Almost two-thirds of voters in Iowa say it’s time for a new person to hold the United States Senate seat occupied by Chuck Grassley for more than 40 years, according to a new Des Moines Register/Mediacom Iowa Poll released over the weekend.
A little more than one-quarter (27%) of Iowans said they would vote for Grassley if he ran again for what would be his 8th term in the Senate.
But the 87-year-old Grassley could look to New Jersey for guidance.
Frank Lautenberg was re-elected to the U.S. Senate in 2008 despite polling that suggested his age might create an electoral vulnerability.
That mirrors the results of a 2008 Monmouth University/Gannett poll, where 58% of New Jerseyans said it was time for someone else to represent the state in the U.S. Senate.
A 2007 Quinnipiac University poll showed 54% of New Jersey felt Lautenberg, then 83, was tool old to run for re-election the following year. A Rutgers-Eagleton poll that year wound that 64% of the state felt he was too old to effectively represent New Jersey for a term that would end when he was 90.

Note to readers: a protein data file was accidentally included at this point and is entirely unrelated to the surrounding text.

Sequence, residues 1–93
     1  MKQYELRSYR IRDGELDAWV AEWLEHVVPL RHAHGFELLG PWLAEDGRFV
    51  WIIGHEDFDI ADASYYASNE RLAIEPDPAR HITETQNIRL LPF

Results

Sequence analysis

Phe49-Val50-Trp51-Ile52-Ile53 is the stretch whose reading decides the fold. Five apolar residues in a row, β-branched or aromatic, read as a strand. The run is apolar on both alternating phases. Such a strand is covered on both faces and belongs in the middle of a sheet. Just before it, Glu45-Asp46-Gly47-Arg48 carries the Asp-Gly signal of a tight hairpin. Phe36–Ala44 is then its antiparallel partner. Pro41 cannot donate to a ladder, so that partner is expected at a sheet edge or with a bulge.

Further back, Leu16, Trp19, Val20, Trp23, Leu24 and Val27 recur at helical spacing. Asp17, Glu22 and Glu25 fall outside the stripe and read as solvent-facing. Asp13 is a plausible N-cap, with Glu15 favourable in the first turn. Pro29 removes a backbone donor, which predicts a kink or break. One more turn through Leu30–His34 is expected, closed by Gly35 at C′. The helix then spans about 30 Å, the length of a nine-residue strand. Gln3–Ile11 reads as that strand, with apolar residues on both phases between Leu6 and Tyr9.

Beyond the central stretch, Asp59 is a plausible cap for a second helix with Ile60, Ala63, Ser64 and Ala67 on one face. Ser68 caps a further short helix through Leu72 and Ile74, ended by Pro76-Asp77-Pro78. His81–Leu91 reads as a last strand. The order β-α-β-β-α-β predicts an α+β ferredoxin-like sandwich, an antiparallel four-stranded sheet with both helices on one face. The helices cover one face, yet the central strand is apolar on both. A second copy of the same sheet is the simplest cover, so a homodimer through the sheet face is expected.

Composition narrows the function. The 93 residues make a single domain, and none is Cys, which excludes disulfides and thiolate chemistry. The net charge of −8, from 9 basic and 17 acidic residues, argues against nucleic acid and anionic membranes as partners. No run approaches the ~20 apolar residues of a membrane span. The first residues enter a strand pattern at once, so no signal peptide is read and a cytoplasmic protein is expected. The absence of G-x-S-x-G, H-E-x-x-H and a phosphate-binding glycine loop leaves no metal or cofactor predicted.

But polling didn’t reflect the way people voted on Election Day, perhaps because Lautenberg was frequently underestimated as a candidate in his previous four races.
Lautenberg won the Democratic primary by 81,235 votes, 59%-35%, against 10-term Rep. Rob Andrews (D-Haddon Heights).
In the general election, Lautenberg defeated former Rep. Dick Zimmer (R-Delaware) by 490,193 votes, 56%-42%.
Grassley’s job approvals (45%-39%) is similar to where Lautenberg (43%-28% was in the 2008 Monmouth poll.
Just 27% of Iowa voters said they would vote to return Grassley from Washington, while 64% say it’s time for someone new. For Lautenberg in 2008, 19% of New Jerseyans said they would re-elected him and 58% said someone else.
Asked if Lautenberg was getting too old to be an effective Senator, 34% agreed and 51% disagreed.
Iowa and New Jersey are apples and oranges when it comes to voter registration. Iowa has 47,245 more Republicans than Democrats. New Jersey had 727,153 more Democrats than Republicans in 2008.